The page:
On Brick Lane (Hamish Hamilton, 2007) the first in the London street series trilogy was shortlisted for the Ondaatje Prize. This unique book takes readers on an unforgettable journey through the vanished past, the disappearing present and the emerging future of one of Britain’s most mythologized and misunderstood streets. Home to successive waves of immigrants, from eighteenth century Huguenot weavers to the Jewish refugees of the 1880s to the late twentieth-century Bangladeshi community, Brick Lane is now one of the most fashionable areas.
The street is a place of extremes that is constantly reinventing itself - at once a multicultural melting pot and sacred site, bounded by Hawksmoor churches, abandoned synagogues and newly developed mosques, with the Old Truman Brewery at its heart.
Extensively researched from a range of sources, On Brick Lane gives an authentic voice to people from the many communities who know the street intimately, from the famous, to the infamous and the obscure. Tales of market traders, anarchist priests, Jewish tailors, Bengali teenagers, gangsters, brewery workers and celebrities interweave with Lichtenstein’s own account of over a decade of living and working in the area as an artist, archivist and writer. She describes her own research process, the people she meets along the way and their wildly differing perspectives on the same street.
Interspersed within this text are a collection of archival and contemporary photographs, along with quotes from literature and poetry. Together they combine to create an endlessly intriguing portrait of Brick Lane, which is as alive and fascinating as the neighbourhood it so movingly celebrates.
This beautiful book is a work of retrieval, an archaeology of memory, that provides testament to a disappearing world whilst addressing misrepresentations of the area, the Jewish east end, and of the Bangladeshi community who give Rachel their opinions unfiltered.
Brick Lane had been a mythical landscape for me as a child. I heard stories about it from my grandparents who had their first shop, Gedaliah Lichtenstein’s Watchmakers & Jewellers, at no.67 from 1934. They were Polish Jewish refugees, hard working people with a rich cultural and intellectual life. My grandmother told me about her friend, the great Yiddish poet Avram Stencl who lived in Cheshire Street, just off the lane in the heart of the sprawling Sunday market. Stencl called Brick Lane and the surrounding area of Whitechapel ‘his holy acres, his shtetl, his Jerusalem in Britain’. The thriving Jewish community and the vigorous street life around him became the subject matter for most of his poetry. The first time I visited the street in the early 1990’s as a young art student there were only the faintest traces left of that world.
Since then I must have walked up and down Brick Lane thousands of times, initially to look for signs of its Jewish past, checking doorposts for marks left by mezuzahs and rescuing books from damp cupboards in abandoned synagogues. Standing outside the site of the former Russian steam baths I devoured stories from an old Hasid who owned a shop there. Over the following decade I spent countless hours interviewing members of the elderly Jewish community, collecting stories of places and people, snapshots, fragments, whispers and hidden traces until I could mentally map the area as it had once been. With the help of East London historian, Professor Bill Fishman I became a tour guide of the Jewish East End, relaying and gathering more information. People shared memories from childhood with me, of Yiddish speaking homes, cheder lessons after school, fighting with fascists in the street. Many of these stories featured Brick Lane, the street, which had been at the heart of the Jewish East End from the late 1880s until the outbreak of the World War II.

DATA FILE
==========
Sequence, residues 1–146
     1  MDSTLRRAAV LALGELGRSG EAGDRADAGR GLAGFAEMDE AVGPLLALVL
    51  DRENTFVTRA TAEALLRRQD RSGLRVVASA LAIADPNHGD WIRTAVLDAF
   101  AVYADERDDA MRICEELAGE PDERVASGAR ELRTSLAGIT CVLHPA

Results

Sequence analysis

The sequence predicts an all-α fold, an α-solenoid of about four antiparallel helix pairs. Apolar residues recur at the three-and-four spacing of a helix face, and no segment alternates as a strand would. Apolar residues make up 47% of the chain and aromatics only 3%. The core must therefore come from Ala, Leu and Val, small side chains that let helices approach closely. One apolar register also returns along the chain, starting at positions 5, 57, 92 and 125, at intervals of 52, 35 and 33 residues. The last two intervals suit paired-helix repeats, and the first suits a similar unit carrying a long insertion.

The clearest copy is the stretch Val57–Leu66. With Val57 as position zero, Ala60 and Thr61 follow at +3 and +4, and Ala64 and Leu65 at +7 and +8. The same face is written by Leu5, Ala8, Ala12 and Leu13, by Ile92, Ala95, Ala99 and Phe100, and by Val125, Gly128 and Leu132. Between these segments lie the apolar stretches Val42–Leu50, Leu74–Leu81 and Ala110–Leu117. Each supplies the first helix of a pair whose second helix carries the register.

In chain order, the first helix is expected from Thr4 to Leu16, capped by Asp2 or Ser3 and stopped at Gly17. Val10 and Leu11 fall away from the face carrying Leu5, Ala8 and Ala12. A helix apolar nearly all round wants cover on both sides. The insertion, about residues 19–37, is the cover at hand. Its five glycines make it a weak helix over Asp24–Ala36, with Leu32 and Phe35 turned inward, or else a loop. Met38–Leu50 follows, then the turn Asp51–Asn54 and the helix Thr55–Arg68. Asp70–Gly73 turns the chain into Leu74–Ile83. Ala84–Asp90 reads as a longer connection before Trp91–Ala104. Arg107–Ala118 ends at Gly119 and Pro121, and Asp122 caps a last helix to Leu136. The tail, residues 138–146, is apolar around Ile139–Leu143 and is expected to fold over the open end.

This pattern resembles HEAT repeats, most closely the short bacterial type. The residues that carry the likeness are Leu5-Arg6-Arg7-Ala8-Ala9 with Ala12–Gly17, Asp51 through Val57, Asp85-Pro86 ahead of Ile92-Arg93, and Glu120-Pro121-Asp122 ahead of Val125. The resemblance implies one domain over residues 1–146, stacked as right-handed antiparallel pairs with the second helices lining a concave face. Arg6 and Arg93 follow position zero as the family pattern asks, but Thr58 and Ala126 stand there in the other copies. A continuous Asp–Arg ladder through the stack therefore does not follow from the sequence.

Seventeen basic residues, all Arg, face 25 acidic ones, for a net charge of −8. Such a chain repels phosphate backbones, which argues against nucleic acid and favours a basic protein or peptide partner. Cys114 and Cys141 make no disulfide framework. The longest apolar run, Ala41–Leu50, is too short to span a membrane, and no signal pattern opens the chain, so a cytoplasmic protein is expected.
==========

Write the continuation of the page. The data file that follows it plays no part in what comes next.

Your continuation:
Like Sinclair, Lichtenstein is a cultural archaeologist, digging up forgotten stories from the metropolis. Her chapter on Brick Lane's Old Truman Brewery provides a marvelous elegy for another lost world.
Brick Lane is a lot of things to a lot of people, not least Rachel Lichtenstein. Describing herself as an artist, archivist and writer, she has spent five long years juggling her various skills to pull together a magnificent chronicle of one of the capital’s most renowned streets.
Lichtenstein, a tenacious researcher, managed to locate some of the last of the Jews and recorded their memories of Hebrew classes and street battles with fascists. In the process, she explored the new Brick Lane and, as she struggled to come to terms with its latest incarnation, met and befriended some of the extraordinary people living on the fringes of modern society. Her book, On Brick Lane, is an unashamedly sentimental ode to a vanished past, the writing enriched by precious anecdotes, reminiscences and reflections unearthed during dozens of interviews. It is also a pathetic and artfully woven portrait of the contemporary East End - the human landscape through which Lichtenstein treads - one of bewildering diversity. But in an age when modern, consumer culture is erasing so much of the past, Lichtenstein's anguish and instinct to preserve memory is admirable.
A mesmerising return to the memory-nest of Rachel Lichtenstein's heartland. By listening with such care, and sympathetic attention, she teases out the voices of the living and the dead. Here is a mapping to set beside Mayhew and Jack London, a valid attempt to identify eternal verities in a place that is vanishing, re-inventing itself, even as she walks across it.
On Brick Lane is a collage of beady-eyed topographical study, family history and oral testimony illustrated with numerous photographs and extracts from a wide variety of texts written by people in whose footsteps Lichtenstein is following. Her Brick Lane, like that of countless others, is no more. Still, she has created an intriguing, vivid memorial to it.